Other inputs affect our internal clock including time of meals, activity level, and caffeine intake.5,6 We often experience gastrointestinal upset in a new time zone due to eating when the body does not expect to eat.7 The release of insulin and other digestive hormones is still on the previous time zone’s clock and out of synchrony with meal times in the new time zone.8 The circadian rhythm pacemaker also affects brain functioning (eg, alertness or sleepiness) and the autonomic nervous system.9,10

Anatomy and Genetics of the Circadian Rhythm

The master clock that synchronizes all periodic behavior in our body is located in the brain in the suprachiasmatic nucleus (SCN) of the hypothalamus. The SCN plays a key role in regulating timing of activity in a wide range of cells throughout the body via outputs to different brain regions that regulate temperature, sleep, hormone release, and eating behavior,11 as confirmed by the following findings. Melatonin, which promotes sleep, is produced by the pineal gland under the control of the SCN. Exposure to light suppresses melatonin output via the retinohypothalamic tract of neurons that runs from the retina to the SCN. If the SCN is lesioned, circadian rhythmicity goes away.12 When cells are removed from the SCN, they continue to show self-sustaining circadian rhythmicity in vitro.13 Finally, if the SCN is transplanted from one animal to another, the recipient manifests the circadian rhythm of the donor, showing that the SCN can entrain biological activity and drive a circadian process on its own.14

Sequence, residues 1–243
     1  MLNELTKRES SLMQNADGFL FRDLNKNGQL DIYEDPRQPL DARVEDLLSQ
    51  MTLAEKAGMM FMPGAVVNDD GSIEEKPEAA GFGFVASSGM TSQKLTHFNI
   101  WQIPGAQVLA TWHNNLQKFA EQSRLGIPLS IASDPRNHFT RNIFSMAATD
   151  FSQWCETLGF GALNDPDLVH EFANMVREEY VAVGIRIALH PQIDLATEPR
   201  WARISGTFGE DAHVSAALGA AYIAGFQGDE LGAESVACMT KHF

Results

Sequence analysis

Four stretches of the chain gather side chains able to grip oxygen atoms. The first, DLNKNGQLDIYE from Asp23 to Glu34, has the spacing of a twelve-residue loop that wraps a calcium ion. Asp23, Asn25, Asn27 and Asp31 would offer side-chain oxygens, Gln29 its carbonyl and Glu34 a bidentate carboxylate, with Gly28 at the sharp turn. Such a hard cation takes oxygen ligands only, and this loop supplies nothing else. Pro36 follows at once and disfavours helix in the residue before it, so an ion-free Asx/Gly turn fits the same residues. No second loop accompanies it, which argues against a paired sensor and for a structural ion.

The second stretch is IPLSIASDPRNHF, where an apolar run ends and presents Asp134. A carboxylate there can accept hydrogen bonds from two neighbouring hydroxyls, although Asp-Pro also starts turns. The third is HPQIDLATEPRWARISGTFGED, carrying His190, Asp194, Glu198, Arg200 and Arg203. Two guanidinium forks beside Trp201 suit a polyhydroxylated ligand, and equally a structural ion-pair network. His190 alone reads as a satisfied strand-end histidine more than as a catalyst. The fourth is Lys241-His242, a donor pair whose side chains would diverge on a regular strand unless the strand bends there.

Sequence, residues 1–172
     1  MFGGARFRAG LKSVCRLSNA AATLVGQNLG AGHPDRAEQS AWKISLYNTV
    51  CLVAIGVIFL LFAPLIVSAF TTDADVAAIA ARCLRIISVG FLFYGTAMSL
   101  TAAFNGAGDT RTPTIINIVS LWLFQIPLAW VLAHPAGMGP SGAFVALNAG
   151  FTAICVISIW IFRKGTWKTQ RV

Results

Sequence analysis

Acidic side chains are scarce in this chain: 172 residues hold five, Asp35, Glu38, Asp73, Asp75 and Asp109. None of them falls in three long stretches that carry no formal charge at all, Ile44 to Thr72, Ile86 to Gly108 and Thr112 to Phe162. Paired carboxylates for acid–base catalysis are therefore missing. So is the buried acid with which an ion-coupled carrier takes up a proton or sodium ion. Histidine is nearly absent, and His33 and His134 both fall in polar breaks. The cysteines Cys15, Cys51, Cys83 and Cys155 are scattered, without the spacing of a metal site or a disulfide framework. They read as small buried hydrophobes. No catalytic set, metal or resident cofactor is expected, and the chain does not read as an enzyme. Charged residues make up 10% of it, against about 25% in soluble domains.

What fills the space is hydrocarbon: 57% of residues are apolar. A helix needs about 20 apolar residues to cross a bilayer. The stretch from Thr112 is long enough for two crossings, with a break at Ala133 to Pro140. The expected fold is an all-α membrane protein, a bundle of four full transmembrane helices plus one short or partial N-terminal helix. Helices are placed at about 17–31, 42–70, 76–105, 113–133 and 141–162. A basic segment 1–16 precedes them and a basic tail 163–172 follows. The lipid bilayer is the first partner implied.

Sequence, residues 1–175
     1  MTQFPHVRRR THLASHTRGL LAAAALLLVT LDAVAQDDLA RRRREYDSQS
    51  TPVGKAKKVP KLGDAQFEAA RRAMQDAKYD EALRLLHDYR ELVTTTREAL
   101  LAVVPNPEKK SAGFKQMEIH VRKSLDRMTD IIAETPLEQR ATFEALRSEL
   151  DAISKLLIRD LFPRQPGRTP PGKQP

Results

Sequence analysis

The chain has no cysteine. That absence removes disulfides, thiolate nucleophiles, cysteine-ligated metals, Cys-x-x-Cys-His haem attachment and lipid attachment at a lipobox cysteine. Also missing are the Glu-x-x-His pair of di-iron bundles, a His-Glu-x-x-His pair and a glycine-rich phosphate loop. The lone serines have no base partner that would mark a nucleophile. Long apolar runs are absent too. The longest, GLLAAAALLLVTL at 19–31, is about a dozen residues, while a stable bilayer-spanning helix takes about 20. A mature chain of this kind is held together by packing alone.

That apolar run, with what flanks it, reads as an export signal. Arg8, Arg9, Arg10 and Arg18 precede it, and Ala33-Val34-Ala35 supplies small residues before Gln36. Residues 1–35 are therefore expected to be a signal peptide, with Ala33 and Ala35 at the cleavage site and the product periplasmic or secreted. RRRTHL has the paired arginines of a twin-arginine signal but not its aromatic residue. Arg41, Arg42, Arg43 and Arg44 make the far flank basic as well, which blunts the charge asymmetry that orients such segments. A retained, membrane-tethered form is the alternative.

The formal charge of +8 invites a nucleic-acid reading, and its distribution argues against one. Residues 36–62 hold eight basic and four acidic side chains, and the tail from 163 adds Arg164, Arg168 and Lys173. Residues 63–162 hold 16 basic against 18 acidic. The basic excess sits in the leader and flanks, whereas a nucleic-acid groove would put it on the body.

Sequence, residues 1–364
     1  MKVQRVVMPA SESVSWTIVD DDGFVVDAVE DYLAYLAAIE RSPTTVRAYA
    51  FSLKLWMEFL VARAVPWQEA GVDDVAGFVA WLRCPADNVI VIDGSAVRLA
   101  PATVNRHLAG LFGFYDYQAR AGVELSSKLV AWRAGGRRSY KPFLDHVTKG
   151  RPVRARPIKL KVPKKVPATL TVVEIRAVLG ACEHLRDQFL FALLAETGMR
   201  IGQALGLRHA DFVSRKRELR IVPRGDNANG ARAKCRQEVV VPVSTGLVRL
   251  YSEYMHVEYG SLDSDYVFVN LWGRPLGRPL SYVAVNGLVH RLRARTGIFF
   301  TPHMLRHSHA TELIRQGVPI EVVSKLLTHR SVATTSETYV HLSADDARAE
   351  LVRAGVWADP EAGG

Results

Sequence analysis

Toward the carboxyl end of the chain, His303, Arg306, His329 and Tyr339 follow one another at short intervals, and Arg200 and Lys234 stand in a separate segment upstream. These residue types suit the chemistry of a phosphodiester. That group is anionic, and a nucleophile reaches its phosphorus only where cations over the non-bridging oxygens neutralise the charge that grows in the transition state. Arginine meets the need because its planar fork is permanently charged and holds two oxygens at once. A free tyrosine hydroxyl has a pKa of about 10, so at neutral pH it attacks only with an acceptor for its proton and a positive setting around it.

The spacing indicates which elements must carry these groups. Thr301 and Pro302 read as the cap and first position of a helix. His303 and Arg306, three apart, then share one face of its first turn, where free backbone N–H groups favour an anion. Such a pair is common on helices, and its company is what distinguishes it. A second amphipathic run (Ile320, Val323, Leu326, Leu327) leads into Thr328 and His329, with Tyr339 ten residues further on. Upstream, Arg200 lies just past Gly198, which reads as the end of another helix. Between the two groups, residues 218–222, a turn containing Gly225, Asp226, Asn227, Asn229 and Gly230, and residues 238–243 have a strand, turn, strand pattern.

The SCN’s chemical clock is under genetic control. Although researchers had previously been able to breed for changes such as different eye or hair color, Benzer15 was the first to show that behavior could be modified genetically by breeding circadian behavioral patterns into fruit flies. A relatively small number of genes and proteins regulate this biological clock. These include a series of peptides that are synthesized in the nucleus, diffuse into the cytoplasm where they bond with each other, and then diffuse back into the nucleus where they turn off their own synthesis, a process that takes about 24 hours and then starts over again. The critical genes responsible for the process (eg, period, clock, and Cry genes) can be manipulated to alter the circadian cycle.16

The role of genetic factors in the circadian rhythm is supported by the observation that preferred sleep/wake schedules (eg, being a “night owl” or a “morning lark”) tend to run in families. The tendency to go to bed and get up very early (sleep phase advance) is linked to a change from serine to glycine, a mutation in the human period-2 (hPer2) gene that is an autosomal dominant trait.17 The tendency to stay up late and sleep late (sleep phase delay) is associated with several genes, including the human period-3 (hPer3) gene.18-20

Effects on Sleep/Wake Function

The SCN affects sleep/wake function via its effect on 3 brain regions. The ventrolateral preoptic area, which releases γ-aminobutyric acid (GABA) and is the most important for sleep functioning, plays an important role in promoting sleep.11 The lateral hypothalamic area releases the transmitter hypocretin/orexin, a peptide that promotes wakefulness.11 The paraventricular hypothalamus is involved in the release of melatonin.11